Over the last 15 years, however, life expectancy in the EU-28 increased by 2.9 years, from 77.7 to 80.6 years; the increase was 2.4 years for women and 3.4 years for men.

It is not yet possible to say whether the reduction in life expectancy observed between 2014 and 2015 is only temporary or whether the reduction will continue in the following years.

Table 1 shows that in 2015 life expectancy decreased in 19 Member States, compared to 2014, from a maximum of 1.0 year in Cyprus (from 82.8 to 81.8 years), for both women (from 84.7 to 83.7 years) and men (from 80.9 to 79.9 years) to a minimum of 0.1 years for Sweden (from 82.3 to 82.2 years) and Lithuania (from 74.7 to 74.6 years). In the two latter countries the decrease in life expectancy was only observed for women, from 84.2 to 84.1 years and from 80.1 and 79.7 years, respectively.

The second largest decrease in life expectancy was observed in 2015 in Germany, France and Italy, where life expectancy was estimated to 80.7, 82.4 and 82.7 years ( 0.5 years lower than in 2014), respectively. Furthermore, in these countries, life expectancy for women declined more (by 0.7 years in Italy and by 0.5 years in Germany and France ) than life expectancy for men (by 0.4 years in Germany and Italy and by 0.3 years in France).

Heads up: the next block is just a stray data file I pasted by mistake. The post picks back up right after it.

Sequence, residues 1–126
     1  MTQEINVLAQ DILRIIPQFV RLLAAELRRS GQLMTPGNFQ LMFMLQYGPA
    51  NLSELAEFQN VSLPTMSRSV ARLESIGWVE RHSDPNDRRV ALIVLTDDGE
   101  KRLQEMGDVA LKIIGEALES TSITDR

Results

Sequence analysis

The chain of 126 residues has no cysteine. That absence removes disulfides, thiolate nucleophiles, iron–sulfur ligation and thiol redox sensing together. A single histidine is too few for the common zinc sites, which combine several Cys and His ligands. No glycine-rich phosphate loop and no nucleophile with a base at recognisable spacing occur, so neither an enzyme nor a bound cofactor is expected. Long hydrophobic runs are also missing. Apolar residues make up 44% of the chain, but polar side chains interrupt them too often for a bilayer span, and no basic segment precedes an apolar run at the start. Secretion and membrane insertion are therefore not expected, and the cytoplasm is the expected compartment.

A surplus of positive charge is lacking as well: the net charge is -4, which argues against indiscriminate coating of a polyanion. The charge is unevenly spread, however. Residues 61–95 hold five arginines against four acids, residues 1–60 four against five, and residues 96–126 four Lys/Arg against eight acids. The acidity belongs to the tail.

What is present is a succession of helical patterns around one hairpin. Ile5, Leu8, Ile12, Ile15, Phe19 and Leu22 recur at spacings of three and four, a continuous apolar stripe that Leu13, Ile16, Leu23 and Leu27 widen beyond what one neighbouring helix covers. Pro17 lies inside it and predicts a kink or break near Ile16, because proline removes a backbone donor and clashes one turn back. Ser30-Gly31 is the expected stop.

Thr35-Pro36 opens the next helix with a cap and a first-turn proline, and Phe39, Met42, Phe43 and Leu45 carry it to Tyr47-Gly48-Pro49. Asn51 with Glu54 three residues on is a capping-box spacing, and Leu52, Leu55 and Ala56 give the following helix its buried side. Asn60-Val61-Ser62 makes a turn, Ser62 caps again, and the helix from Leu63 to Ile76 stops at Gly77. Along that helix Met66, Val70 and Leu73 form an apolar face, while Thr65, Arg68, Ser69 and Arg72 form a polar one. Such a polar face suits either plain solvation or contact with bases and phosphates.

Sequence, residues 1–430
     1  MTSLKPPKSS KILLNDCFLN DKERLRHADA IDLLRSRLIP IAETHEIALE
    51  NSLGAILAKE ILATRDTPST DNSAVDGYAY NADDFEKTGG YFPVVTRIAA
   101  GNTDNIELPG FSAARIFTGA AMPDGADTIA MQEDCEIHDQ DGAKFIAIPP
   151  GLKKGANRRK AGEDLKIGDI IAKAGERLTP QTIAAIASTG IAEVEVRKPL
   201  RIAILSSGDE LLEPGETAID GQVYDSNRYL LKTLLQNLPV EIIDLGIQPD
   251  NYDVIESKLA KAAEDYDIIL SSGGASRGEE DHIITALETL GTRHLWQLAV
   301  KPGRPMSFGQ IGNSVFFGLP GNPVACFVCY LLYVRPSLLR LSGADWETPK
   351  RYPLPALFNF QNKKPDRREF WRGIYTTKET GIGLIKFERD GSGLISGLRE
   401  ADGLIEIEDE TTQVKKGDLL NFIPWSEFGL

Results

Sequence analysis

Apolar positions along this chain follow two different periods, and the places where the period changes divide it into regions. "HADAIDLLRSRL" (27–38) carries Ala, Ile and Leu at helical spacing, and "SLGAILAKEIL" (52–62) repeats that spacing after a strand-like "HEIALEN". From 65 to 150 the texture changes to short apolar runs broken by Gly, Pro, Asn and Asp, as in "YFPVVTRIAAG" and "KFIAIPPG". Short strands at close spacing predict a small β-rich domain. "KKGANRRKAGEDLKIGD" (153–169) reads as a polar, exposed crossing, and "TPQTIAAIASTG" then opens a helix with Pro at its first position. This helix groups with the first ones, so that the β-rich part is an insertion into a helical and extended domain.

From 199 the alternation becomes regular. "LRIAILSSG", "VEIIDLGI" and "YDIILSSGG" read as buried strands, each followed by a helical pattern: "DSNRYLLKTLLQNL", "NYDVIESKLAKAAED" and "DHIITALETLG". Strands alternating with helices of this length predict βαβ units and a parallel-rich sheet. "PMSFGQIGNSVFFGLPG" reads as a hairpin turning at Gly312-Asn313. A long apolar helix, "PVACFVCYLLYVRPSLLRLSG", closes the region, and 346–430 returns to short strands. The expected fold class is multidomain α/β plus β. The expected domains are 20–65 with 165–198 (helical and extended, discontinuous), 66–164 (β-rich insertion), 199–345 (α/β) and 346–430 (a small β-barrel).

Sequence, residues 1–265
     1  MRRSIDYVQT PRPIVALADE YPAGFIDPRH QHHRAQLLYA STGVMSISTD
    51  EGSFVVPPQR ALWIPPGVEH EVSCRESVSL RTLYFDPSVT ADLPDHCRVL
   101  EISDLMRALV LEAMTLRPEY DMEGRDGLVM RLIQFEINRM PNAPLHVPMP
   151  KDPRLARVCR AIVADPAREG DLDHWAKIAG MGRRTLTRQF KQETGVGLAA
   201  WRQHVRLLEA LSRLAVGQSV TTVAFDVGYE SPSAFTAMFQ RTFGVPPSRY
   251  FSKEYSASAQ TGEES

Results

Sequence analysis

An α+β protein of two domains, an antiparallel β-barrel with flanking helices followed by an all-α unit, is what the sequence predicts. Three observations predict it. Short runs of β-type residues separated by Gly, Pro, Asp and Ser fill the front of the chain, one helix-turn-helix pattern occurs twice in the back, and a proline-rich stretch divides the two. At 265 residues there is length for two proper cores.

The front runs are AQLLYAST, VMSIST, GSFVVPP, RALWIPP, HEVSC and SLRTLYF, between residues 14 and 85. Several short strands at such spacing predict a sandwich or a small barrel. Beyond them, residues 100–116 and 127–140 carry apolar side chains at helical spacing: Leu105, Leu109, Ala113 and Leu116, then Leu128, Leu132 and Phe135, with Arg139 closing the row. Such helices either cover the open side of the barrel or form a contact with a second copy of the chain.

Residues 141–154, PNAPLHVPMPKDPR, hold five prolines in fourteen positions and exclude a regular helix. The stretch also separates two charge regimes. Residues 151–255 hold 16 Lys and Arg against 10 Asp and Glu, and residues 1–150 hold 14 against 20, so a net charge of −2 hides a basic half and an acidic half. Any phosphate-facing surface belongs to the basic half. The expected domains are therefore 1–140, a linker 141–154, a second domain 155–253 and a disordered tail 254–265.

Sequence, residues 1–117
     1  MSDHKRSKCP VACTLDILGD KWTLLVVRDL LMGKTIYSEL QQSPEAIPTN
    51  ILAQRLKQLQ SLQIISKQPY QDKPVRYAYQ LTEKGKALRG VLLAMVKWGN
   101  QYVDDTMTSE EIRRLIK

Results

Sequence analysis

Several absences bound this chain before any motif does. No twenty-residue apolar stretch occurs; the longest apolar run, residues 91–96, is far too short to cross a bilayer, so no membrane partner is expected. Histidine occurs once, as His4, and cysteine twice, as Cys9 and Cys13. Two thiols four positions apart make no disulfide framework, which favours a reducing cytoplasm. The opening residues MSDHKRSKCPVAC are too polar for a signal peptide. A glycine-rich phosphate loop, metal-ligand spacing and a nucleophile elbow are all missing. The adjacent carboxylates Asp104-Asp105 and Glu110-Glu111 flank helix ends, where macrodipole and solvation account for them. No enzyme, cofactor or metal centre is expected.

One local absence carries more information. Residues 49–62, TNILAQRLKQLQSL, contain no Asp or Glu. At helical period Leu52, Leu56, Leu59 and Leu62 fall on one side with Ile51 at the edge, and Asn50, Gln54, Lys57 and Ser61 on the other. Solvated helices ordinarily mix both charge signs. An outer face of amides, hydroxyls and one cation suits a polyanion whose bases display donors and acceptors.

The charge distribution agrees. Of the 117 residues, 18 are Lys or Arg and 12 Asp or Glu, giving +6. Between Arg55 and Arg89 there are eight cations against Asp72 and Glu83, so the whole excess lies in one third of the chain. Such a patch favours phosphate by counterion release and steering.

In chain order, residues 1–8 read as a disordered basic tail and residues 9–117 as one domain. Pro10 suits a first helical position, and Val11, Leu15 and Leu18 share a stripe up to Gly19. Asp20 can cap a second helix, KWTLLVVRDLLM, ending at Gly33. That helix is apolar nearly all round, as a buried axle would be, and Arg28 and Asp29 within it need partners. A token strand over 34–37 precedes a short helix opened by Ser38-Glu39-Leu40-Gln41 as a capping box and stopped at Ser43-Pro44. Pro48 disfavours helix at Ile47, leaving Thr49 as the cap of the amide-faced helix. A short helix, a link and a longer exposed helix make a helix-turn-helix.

Finally only seven Member States (Estonia, Latvia, Finland, Bulgaria, Luxembourg, Denmark and Ireland) showed an increase in the life expectancy at birth, while Portugal and Romania were stable (see Table 1).

In the 15 years between 2000 and 2015, the rise in life expectancy at birth for men in the EU Member States ranged from a minimum of 2.5 years (in Lithuania) to a maximum of 7.6 years (in Estonia). For women, the increase ranged from 1.9 years (in Germany) to 5.8 years (in Estonia).

There are still major differences between countries (see Table 1). In 2015, the differences between the highest and lowest life expectancies among EU Member States amounted to 11.2 years for men and 7.6 for women. For men, the lowest life expectancy was recorded in Lithuania (69.2 years) and the highest in Sweden (80.4 years). For women, the range was from a low of 78.2 years in Bulgaria to a high of 85.8 years in Spain.

In 2015 the life expectancy for women is still higher than the life expectancy for men. With a gender gap of 5.4 years of life in 2015, newly born women in the EU-28 should generally expect to outlive men. Furthermore, this gap varied substantially between EU Member States. In 2015, the largest difference between the sexes was found in Lithuania (10.5 years) and the smallest in the Netherlands (3.3 years) — see Figure 3.